The hike gets a bit boring and harsh in the next section, which is extremely rocky, rivaling the Jackson Trail 40km to the west.
What are you looking at? Well, the ridge in the distance is Nittany Ridge, and if you follow it to the left, you can just see where the top disappears beneath Tussey Mountain, which is quite a bit closer on your left. if you're lucky, you can just see Bald Eagle Ridge through Pleasant Gap, which is directly in front of you in Nittany Ridge. Pleasant Gap is the one furthest from you, while Boal Gap is the one closer to you. Thickhead mountain, which was behind you as you started this hike, is on your left, one of the little hills to your right is Triester Mountain and just beyond is First Mountain, which is what Boal Gap cuts through. Sand Mountain is the long, interrupted hill just in front of you.
Some folks call the mountain around Pleasant Gap "Centre Hall Mountain", but it's really just an extension of Nittany. If you look at a topo map, you can see that the Nittany Ridge continues for some distance, with a high valley saddled in between its peaks.
The vista you're at is nice, but if you look to the right on the scree slope, you'll see a little wall that has been built. This is a better view, although there's no clear path to it from the MST. You can either bushwhack to it from the MST, or you can scramble over the rocks, which is probably easier. This is a very nice place to stop and have a snack, take photos, or just sit and relax.
A few dozen yards further and you'll come to another view of the same valley, except this one is a bit easier to get to, and there's a nice dead tree offering some interesting foreground (see photos).
After crossing through the interminable rocks, a nice vista opens up to the south, and on a clear day, according to the MST trail guide, you can see the mountains beyond the Juniata. It's quite nice.
The really big ridge in the distance is Jack's Mountain, the one closest to you is Sand Hole Ridge (which is rally the edge of Stone Mountain) to the left and another Broad Mountain on your right (not to be confused with the one you just climbed up, but a lovely hike with a fire tower on the Greenwood Spur of the MST, also called the Johnson trail). Front Mountain is the one most directly in front of you on the left.
If it's clear, you can see the mountains beyond, possibly including Shade Mountain and Blue Mountain, which is home to the Appalachian Trail in Pennsylvania. This is about as close as you'll get to it on the MST, though.
Moving right along, you being your long descent down an extremely rocky path. There is a switchback that is not double blazed, and this section of trail is very much in need of some trail maintenance.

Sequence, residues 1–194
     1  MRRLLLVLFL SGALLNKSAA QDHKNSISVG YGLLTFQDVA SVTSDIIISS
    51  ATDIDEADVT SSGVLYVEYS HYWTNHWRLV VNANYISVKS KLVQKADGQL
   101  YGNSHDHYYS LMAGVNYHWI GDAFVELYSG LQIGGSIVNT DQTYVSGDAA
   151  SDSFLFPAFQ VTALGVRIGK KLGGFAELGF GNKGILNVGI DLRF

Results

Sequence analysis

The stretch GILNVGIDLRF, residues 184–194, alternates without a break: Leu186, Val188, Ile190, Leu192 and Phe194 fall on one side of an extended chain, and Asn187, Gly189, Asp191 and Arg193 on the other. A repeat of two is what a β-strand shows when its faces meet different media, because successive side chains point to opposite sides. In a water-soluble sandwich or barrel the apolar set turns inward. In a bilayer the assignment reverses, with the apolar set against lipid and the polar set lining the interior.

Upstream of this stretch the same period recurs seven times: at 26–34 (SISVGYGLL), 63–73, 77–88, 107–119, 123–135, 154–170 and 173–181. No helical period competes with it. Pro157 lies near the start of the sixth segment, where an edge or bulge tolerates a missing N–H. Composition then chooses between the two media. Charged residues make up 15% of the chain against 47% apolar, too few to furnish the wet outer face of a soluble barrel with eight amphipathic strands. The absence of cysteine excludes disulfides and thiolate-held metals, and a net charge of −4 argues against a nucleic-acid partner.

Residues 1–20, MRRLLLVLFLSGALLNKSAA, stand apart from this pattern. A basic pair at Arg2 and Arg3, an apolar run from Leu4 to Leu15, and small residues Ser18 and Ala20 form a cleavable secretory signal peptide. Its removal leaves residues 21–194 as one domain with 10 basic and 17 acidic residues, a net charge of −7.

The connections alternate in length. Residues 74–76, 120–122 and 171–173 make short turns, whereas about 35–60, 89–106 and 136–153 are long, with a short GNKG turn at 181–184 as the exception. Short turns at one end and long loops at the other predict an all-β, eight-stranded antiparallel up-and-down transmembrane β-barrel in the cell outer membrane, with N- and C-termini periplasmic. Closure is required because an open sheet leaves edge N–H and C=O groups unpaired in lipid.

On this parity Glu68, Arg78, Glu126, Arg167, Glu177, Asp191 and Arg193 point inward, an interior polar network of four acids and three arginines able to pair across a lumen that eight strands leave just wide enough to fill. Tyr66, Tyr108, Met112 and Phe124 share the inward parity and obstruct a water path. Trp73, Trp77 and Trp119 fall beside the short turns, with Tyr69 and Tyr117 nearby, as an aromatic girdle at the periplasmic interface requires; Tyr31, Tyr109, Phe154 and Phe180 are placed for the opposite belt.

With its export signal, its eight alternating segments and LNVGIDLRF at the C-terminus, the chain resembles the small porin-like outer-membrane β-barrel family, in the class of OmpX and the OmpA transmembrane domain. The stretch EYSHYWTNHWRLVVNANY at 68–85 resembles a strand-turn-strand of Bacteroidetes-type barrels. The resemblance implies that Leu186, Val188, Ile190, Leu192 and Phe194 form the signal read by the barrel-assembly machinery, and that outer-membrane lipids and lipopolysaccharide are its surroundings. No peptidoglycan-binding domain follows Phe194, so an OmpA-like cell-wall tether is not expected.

When you reach the bottom, the flavor of the trail changes quite a bit. If you haven't heard it already, 322 is making a lot of noise to your left, and by the time you get to the signpost at the Ben Jacobs Jeep Trail, the mix of hiking in the woods and high-speed traffic creates a surreal setting.
The trail here generally bears right, so don't get excited and start heading for the road just yet. About 50 yards before the underpass, you'll cross what seems to be a 10 foot wide ditch. This is the remains of the Bellefonte-Lewisburg Pike, which was the main road through these parts in the 19th century. Most of the route is gone now, buried under 322, but it is rumored to have been a genuine Native American trail at one time. Many of the so-called "Indian" trails, including the one you passed on top of Broad Mountain, are not at all what their names would indicate. This one probably was.
Passing under 322 is a weird experience. It's not quite high enough to stand up, and you can hear the roar of the fast moving traffic just a couple feet above your head. it's only recently that this culvert had the sidewalk installed with a grant. Contrary to what you may have heard, the underpass was created for the stream to pass through, and not for the hiking community.
On the east side of the culvert, you'll see the signpost you passed while placing your shuttle car. hike up to it as best you can and follow the orange blazed MST about 200 feet up, where you'll see a signpost and the blue-blazed connecting trail.
You're nearly home.
The bluer-blazed trail comes to a fork with two yellow blazed trails. Either will get you where you want to go, and they are, in fact, a loop, but the left side is the shortest route back to your car, and if you want to do the whole loop, you might want to get a brochure from there anyway.
If you're so inclined (no pun intended!), instead of taking the blue-blazed trail, you can continue on the MST up to the Big Valley Vista. Frankly, I don't think it's worth the effort, since you've already seen a nearly identical view from Bald Mountain. The climb is another 500 feet, so if you feel up to it, just go to the vista, and head back on the 'other' blue blazed trail, which will lead you back to the yellow-blazed nature trail and your car.
To get your other car, simply go back the same way in which you dropped it off.
Photos were taken on December 17th, 2001